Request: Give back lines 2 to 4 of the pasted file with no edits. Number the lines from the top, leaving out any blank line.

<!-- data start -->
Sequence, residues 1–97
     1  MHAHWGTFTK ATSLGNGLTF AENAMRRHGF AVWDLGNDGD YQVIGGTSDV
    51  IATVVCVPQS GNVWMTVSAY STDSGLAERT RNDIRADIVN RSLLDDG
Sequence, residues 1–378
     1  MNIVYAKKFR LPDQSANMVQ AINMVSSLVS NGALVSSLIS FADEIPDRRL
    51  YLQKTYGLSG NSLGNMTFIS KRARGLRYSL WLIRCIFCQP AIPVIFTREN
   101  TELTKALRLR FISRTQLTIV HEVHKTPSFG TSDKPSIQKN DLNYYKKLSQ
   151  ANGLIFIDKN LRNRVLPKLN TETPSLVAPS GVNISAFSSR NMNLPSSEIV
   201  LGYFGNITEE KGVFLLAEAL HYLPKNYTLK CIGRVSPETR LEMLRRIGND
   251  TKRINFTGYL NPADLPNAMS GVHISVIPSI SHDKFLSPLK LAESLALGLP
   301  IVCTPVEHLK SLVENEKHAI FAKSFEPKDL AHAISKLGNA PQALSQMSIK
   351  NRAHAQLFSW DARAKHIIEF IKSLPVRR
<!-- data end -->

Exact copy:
     1  MHAHWGTFTK ATSLGNGLTF AENAMRRHGF AVWDLGNDGD YQVIGGTSDV
    51  IATVVCVPQS GNVWMTVSAY STDSGLAERT RNDIRADIVN RSLLDDG
Sequence, residues 1–378